Two potential limitations of this study are the possible existence of inaccuracy in the key measures and the possible existence of unmeasured common causes of the disorders and outcomes. With regard to the first of these two, accuracy of diagnostic assessment was documented in the SCID reappraisal interviews mentioned in the section on measures. However, fully structured instruments like the CIDI are less able to distinguish mixed episodes than are semi-structured clinical interviews, leading to the imposition of a more rigid distinction between MDE and manic-hypomanic episodes in BPD than would have been ideal (30
). Accuracy of the HPQ work performance assessment was evaluated in a series of workplace validity studies (25
) that documented strong relationships of HPQ measures with independent payroll records and supervisor evaluations of job performance.
The possibility of unmeasured common causes is much more difficult to evaluate. To the extent that common causes exist, the estimated effects of BPD and MDD on lost work performance will be biased. No definitive way exists to evaluate this possibility other than by experimentally changing the prevalence of these disorders, presumably in a treatment effectiveness trial, and evaluating effects on work performance. Results of such experiments in representative workplace samples have not been reported either for BPD or MDD, although such an experiment is currently underway to evaluate the workplace effects of treating MDD (31
). Despite the absence of experimental evidence, simulations of likely effects have been carried out using parameter estimates gleaned from clinical trials (32
). The estimated decrements in work performance associated with MDD in these simulations are broadly consistent with the NCS-R estimates. In addition, the results of a recently reported experimental effectiveness trial aimed at increasing work performance by improving quality of MDD treatment yielded estimates of effects on work performance broadly consistent with the NCS-R estimates (34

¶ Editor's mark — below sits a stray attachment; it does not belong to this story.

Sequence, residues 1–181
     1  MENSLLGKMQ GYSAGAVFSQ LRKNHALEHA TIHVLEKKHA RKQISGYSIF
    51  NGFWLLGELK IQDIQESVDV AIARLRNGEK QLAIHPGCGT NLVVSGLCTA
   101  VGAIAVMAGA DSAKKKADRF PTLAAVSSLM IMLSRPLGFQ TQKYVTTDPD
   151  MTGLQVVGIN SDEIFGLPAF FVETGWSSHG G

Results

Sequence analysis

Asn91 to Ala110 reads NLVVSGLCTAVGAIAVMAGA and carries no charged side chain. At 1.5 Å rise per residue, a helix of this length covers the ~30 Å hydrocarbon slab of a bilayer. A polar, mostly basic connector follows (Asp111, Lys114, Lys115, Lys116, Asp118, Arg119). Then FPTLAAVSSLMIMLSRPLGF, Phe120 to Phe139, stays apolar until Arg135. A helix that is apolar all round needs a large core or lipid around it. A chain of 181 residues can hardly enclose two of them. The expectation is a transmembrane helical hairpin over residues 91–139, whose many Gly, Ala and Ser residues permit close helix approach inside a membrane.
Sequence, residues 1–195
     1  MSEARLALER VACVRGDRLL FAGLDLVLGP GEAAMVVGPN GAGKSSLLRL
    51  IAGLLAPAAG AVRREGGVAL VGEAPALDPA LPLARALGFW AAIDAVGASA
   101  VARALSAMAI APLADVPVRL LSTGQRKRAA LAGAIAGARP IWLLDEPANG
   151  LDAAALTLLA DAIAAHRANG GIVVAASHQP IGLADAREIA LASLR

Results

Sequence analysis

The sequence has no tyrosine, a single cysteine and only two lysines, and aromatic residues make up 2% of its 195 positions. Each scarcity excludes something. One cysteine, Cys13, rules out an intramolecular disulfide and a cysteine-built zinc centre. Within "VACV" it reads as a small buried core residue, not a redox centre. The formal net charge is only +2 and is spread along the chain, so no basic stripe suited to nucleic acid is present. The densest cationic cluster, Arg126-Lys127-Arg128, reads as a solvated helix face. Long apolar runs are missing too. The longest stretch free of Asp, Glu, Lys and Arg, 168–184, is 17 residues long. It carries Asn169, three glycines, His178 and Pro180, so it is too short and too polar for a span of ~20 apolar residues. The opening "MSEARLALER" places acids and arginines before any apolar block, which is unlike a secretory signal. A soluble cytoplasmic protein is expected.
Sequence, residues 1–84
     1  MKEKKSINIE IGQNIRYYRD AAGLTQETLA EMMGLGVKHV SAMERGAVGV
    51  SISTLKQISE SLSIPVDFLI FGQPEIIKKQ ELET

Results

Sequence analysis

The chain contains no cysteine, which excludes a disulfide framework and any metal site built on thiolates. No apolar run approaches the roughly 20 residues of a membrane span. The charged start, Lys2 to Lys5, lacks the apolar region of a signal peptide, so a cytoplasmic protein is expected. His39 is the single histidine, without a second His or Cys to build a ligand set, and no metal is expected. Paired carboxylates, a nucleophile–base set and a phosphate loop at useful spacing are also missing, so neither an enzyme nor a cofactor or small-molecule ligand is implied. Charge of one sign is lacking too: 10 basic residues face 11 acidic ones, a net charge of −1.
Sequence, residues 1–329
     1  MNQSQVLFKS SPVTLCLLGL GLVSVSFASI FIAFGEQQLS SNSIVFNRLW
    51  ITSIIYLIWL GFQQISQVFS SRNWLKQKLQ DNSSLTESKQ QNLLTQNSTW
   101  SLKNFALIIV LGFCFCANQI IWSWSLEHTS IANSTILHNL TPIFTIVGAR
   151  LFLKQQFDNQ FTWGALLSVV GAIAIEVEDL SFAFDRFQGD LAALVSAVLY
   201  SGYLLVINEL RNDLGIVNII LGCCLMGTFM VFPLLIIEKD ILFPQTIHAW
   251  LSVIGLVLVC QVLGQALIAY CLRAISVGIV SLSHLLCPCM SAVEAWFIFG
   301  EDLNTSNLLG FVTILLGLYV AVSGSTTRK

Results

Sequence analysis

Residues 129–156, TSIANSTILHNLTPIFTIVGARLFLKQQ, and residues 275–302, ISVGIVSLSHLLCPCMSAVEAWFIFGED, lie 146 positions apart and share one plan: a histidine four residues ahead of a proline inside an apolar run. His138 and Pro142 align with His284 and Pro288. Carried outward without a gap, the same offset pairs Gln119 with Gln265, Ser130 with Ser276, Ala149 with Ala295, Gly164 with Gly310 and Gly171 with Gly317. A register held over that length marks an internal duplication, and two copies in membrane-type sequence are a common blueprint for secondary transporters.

Within the context of the above limitations, the results reported here show that BPD and MDD are both common disorders in the US civilian labor force associated with substantial lost work performance. Our prevalence estimates of BPD and MDD are consistent with those in other recent national surveys (35
). As noted in the introduction, though, bipolar spectrum disorders could be defined more broadly than in the current report (3
). The same is true for sub-threshold depression, (37
). Future research should investigate the effects of these sub-threshold disorders on work performance (5
Our finding that both BPD and MDD are associated with substantial losses in work performance is broadly consistent with other surveys of workplace costs (12
). The estimated annual population-level workplace cost of MDD, $36.6 billion, is in the range of the two other recent studies that estimated the workplace costs of MDE -- $31.0 billion (31
) and $51.5 billion (12
). The larger of these two is probably upwardly biased because it is based on an analysis of days out of role (i.e., including weekends) rather than days out of work. No previous estimates of the population-level workplace cost of BPD are available to compare to our $14.1 billion estimate.
By considering BPD and MDD simultaneously, we documented that BPD is associated with substantially more lost work performance than MDD at the individual level, although aggregate impairment is greater for MDD than BPD because of the higher prevalence of the former than latter disorder. Decomposition showed that the higher individual-level impairment of BPD than MDD was due largely to MDE being more impairing in the context of BPD than MDD rather than to mania-hypomania being more impairing than MDE. The finding that mania-hypomania in the absence of MDE is associated with significantly less work impairment than BPD with MDE is consistent with the observation in a prospective patient study that functional impairment was associated with variation in depressive symptoms but not manic symptoms (42
). More detailed analysis of the NCS-R data shows that the higher individual-level work impairment of MDE in BPD than MDD is due partly to the greater persistence and severity of MDE in BPD than in MDD. However, persistence-severity of MDE explained only part of the association between BPD and work impairment. The remaining part of this association could be due either to imprecision in our measures or effects of unmeasured correlates of BPD and work impairment.
An important practical problem related to the finding that most workers with BPD had MDE is that MDE due to BPD is sometimes incorrectly treated as if it was due to MDD (43
). This problem is exacerbated by people with BPD reporting more distress due to their depressive than their manic symptoms (40
). As antidepressant medications can trigger the onset of mania, it is important to screen for history of BPD at the initiation of depression treatment. A short and valid screen for manic-hypomanic symptoms has recently been developed that could be used for this purpose (45
). It is important for the same reason to include a screen for BPD in workplace depression screening programs. The prevalence and impairments of sub-threshold cases should also be examined. Effectiveness trials are needed to calculate the return on investment from the employer perspective of coordinated workplace BPD-MDD screening and treatment effectiveness trials (34